This isn’t about who is the most conservative candidate. The question is: Who will bring about the dramatic roll-back of government size, power and spending that’s required to avoid that iceberg? But there’s nothing in Romney’s past, or his current rhetoric, that leads me to believe he’ll do what is necessary to right the ship.
Mitt’s caution is understandable. He has the money and establishment support to outlast his opponents in the primaries if he avoids serious errors. But avoiding errors does not indicate the level of boldness we need now.
Newt Gingrich and Rick Santorum are fighting as if their political lives depend on it – because they do. Gingrich and Santorum spend time with the press whenever possible – in part to try to overcome Romney’s incredible monetary and establishment advantage. Meanwhile, Mitt does scheduled interviews almost exclusively.
In 2008, the campaign of then-Sen. Barack Obama made it nearly impossible for even the friendliest of media outlets to get in an unscheduled or unscripted question. At the same time, Republican nominee John McCain avoided conservative media like it was a hooker with an open lip sore. Only at the end, when desperate times required it, did McCain open himself up to national and local talk radio. It was too little, too late.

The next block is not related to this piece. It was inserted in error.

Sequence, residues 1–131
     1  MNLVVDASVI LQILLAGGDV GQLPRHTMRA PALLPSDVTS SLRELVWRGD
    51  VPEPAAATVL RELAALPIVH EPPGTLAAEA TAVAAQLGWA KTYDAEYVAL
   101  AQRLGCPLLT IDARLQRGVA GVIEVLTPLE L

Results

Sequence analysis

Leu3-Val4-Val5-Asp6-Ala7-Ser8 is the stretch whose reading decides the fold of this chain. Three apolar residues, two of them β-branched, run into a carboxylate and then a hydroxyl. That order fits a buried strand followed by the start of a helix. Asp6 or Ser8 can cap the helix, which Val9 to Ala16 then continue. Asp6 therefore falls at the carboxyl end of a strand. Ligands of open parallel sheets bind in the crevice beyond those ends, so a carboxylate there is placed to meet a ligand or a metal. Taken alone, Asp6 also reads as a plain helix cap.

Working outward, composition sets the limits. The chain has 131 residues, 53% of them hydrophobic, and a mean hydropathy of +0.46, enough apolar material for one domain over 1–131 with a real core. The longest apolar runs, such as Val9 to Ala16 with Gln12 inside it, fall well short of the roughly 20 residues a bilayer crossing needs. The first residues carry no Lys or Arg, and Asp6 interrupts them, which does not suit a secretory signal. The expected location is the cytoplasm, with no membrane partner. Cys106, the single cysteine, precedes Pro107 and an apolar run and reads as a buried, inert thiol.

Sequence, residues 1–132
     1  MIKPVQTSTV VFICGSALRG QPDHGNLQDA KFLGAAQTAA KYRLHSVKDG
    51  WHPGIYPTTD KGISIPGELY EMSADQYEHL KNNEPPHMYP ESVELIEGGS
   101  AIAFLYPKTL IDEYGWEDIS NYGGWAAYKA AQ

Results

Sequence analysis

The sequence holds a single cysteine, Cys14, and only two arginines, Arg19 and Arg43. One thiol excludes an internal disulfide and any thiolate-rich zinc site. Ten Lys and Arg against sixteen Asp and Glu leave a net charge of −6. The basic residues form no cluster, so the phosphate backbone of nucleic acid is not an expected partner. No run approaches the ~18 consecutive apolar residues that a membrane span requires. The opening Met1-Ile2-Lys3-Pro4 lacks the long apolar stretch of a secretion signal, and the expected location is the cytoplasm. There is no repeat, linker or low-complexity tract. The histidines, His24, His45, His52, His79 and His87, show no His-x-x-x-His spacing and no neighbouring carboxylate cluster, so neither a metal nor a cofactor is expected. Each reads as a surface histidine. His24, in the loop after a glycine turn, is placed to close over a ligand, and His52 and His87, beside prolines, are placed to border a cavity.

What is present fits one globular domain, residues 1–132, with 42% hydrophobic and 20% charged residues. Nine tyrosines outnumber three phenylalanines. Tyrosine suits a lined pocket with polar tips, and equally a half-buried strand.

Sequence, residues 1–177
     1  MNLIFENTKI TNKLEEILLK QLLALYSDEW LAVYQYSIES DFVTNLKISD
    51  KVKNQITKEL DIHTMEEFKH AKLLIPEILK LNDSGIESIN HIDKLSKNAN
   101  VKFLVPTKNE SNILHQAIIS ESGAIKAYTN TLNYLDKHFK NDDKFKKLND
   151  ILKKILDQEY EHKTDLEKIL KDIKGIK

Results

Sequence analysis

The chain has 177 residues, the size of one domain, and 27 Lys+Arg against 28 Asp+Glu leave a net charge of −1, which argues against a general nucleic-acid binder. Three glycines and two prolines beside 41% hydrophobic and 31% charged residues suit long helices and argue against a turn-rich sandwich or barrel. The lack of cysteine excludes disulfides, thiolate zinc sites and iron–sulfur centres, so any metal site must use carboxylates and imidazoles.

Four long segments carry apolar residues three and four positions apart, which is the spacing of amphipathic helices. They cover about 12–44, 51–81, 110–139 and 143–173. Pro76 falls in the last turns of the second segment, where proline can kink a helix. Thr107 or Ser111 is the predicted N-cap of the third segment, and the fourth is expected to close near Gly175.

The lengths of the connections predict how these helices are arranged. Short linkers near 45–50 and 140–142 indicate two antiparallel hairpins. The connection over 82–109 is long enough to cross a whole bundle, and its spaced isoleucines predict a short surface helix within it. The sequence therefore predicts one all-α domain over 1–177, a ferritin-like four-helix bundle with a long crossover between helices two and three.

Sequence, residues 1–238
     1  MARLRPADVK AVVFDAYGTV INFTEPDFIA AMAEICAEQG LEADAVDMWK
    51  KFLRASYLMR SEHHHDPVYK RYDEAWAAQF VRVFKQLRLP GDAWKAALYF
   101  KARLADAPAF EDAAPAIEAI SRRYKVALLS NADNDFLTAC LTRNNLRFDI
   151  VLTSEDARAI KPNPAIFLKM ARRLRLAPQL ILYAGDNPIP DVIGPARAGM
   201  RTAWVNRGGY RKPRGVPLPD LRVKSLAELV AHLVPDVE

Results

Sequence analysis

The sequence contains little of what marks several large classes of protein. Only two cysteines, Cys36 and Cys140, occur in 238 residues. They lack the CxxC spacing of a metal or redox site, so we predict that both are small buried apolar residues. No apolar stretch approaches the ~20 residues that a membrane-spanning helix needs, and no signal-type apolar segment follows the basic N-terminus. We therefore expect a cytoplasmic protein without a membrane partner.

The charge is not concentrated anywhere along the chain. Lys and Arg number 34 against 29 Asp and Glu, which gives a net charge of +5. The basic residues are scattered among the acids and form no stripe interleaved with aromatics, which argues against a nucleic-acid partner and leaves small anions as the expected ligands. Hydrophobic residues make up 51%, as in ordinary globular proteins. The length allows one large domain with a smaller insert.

Why McCain avoided talking to radio shows with the very audience he needed to motivate, I don’t know. Maybe he thought picking Sarah Palin as vice-president was enough. He’d never been that conservative. He presented himself as a “maverick” progressive Republican, and the media ate it up – until it suited the media’s needs to throw him under the bus.
I see much of that in Romney. And it worries me. When I hear him in 2002 say he’s a moderate, that his views are “progressive,” it worries me. Again, that was 2002, not exactly a lifetime ago.
He says he’s the only electable candidate, but he’s just 1 for 3 in the Republican primaries. And, yes, he’s spent most of his life in the private sector, but that’s only because he has been unable to win most of the races he has entered.
He’d be a much better president than Barack Obama, but would he be the president we need right now?
Of course none of this will matter if Newt Gingrich wins the Florida primary next Tuesday. If that happens, Romney will have no choice but to remove some of his bubble-wrap suit and make himself more accessible. He’ll either move to the right and give more specifics about why he should be president, or show his truly “progressive” colors, which will mean he differs from the current administration only in method.
I like Newt. I’ve warmed to Santorum. Even Ron Paul has his charm (but only on spending issues), and I want to like Mitt. But after years and years of him running for president and being in the public eye, I still know little about him beyond sound bites and platitudes. Electing someone simply because he wants to be president is as foolish as electing someone with no experience and no record simply because he gives a good speech. Fool me once, shame on you. Fool me twice…
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